New Game Round-up: From Mountains to Oceans, and From Galactic Emperor to Empire of the Stars

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by W. Eric Martin

• In 2008, designer Adam West released Galactic Emperor through CrossCut Games, which he co-owns. More than a decade later, he’s revisited and reworked the design, with Empire of the Stars due to hit Kickstarter in 2019 ahead of a planned 2020 release. Here’s an overview of the game, which sounds similar to the original at this high level:

Empire of the Stars is a fast-paced empire-building game of exploration, conflict, and struggle for dominance. The last galactic emperor has met with a sudden and quite fatal accident. Now there is a power vacuum in the galaxy, and you’re one of the Planetary Dukes who wants to fill it.

Each of the 2-4 players takes one of 30 asymmetric powers and controls their own throne and sector of the galaxy. Using a unique action selection system, the game plays over several rounds, and within each round, the roles players choose determine what happens next. There are seven different roles: Explorer, Merchant, Steward, Engineer, Scientist, Warlord, and Regent. All players get a turn to act during each role, so the game is fast paced and everyone is always playing. Combat is thrilling and daring using a unique card combat system. There are 75 unique technologies impacting all parts of the game from industry and culture, engineering and the economy, and (of course) military might. Once the galactic throne is taken, every round after the game ticks down automatically, adding to the tension and excitement! Finally a 4x sci-fi game that guarantees a fast play time while arcing through an epic experience!

The player who uses all of this to their best advantage by exploring new worlds, expanding their empire, exploiting their precious resources and income, and exterminating their opponents to score the most galaxy tokens wins the game!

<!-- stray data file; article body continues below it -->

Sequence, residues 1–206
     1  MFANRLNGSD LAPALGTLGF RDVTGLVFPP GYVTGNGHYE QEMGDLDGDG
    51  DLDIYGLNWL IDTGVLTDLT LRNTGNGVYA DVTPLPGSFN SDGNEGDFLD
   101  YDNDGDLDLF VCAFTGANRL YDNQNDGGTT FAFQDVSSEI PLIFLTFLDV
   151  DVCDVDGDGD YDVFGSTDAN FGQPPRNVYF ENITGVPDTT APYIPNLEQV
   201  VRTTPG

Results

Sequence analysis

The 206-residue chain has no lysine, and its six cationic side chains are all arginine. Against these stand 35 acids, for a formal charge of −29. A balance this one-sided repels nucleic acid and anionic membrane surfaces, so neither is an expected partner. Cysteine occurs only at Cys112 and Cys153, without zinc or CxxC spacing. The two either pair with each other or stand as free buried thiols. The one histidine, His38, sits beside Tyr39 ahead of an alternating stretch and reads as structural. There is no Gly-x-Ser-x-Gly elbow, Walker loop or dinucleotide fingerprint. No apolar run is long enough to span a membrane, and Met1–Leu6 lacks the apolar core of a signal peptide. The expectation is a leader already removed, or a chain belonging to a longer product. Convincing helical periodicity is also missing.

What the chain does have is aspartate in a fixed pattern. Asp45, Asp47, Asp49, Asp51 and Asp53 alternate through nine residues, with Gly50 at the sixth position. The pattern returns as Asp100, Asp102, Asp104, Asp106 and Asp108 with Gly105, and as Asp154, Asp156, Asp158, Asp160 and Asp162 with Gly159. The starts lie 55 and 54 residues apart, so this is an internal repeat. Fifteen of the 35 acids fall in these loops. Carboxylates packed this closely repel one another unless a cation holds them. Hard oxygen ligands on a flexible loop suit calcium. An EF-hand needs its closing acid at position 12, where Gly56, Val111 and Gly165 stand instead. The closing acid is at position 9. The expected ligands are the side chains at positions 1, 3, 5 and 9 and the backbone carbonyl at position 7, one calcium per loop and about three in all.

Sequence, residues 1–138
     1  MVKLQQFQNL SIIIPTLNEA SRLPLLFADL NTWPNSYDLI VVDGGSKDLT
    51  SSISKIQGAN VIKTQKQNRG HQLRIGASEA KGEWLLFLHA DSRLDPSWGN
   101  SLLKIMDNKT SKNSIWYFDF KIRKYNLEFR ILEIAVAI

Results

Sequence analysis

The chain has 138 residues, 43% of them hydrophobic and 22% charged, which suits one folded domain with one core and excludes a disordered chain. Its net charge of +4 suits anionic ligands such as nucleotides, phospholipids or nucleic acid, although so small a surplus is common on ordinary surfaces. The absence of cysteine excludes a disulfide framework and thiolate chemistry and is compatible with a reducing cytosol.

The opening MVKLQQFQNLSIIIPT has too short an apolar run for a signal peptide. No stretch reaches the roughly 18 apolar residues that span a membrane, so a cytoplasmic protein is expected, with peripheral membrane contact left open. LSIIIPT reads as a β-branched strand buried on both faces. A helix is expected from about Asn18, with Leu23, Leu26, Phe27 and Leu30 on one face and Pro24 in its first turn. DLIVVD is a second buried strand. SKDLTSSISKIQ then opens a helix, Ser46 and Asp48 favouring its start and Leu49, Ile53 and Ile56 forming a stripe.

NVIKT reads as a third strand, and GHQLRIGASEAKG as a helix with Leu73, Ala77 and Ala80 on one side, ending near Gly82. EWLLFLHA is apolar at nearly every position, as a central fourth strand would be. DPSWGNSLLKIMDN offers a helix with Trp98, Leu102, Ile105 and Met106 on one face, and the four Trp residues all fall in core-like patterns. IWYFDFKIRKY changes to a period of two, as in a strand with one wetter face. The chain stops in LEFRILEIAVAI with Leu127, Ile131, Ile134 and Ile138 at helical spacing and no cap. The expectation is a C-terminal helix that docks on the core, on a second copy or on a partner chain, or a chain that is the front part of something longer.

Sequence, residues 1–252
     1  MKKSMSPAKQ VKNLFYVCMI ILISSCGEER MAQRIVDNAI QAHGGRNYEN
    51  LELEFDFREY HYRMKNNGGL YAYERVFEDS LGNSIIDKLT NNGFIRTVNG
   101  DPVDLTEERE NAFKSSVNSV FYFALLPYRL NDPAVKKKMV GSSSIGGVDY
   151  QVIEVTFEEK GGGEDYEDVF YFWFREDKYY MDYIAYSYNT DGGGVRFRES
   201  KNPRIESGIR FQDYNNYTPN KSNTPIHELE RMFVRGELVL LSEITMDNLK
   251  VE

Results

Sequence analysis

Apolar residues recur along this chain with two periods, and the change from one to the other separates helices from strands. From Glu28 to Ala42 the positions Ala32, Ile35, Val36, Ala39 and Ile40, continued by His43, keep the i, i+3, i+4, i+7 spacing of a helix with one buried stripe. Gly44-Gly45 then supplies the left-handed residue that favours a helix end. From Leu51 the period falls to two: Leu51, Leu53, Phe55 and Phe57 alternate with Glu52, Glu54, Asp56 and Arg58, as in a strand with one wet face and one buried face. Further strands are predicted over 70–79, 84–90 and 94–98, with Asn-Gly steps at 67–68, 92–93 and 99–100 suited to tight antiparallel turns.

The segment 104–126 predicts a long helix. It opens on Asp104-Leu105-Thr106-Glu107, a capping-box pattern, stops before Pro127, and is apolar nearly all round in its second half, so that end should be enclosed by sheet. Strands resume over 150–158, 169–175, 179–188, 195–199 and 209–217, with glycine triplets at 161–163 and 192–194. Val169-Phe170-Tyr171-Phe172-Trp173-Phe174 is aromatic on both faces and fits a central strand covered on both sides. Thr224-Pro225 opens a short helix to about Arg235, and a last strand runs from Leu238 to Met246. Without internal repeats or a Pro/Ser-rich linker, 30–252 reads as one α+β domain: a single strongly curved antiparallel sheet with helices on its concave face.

In this BGG thread, West details the changes from Galactic Emperor (which was for 3-6 players) to Empire of the Stars.

• Polish publisher Nasza Księgarnia has released new versions of two old-school two-player games: Głębia, which is Polish for “deep”, is a new take on Stephen Glenn‘s Balloon Cup, with players now trying to sink in the ocean instead of floating high over mountains.

Kruki (“ravens”) is a Polish version of the second edition of Odin’s Ravens from Thorsten Gimmler, with the game’s setting remaining the same and the otherworldly artwork being brand new courtesy of Marcin Minor.

Nasza Księgarnia has also released its own version of Zachary Eagle‘s Go Nuts for Donuts under the name Niezłe ciacho, which translates as “Pretty nice”.

And the reprints continue with Fabryka czekolady (“The Chocolate Factory”), a new version of Nao Shimamura‘s Throne and the Grail, a two-player-only design that first appeared in 2016 from Taikikennai Games. In this game, over three rounds players either add a card from their hand to the river of cards or they take the most recent five cards from the river and add those cards to their collection. Collect majorities to score points, or collect all three grail cards to win instantly. The new version lacks a grail, of course, so you can try to collect the three bits of white chocolate instead.

Finally, we have Magazynier (“Shopkeeper”), a new version of Jog Kung‘s Small Warehouse that is for 2-4 players instead of only two. Each player builds their own collection of goods from cards that depict 3-5 types of merchandise on them. You can overlap the cards to create larger blocks of merchandise, and after you have eight cards, you score for each type of merchandise by multiplying the number of goods in that largest block by the number of different blocks you created.

Player cards in Kruki

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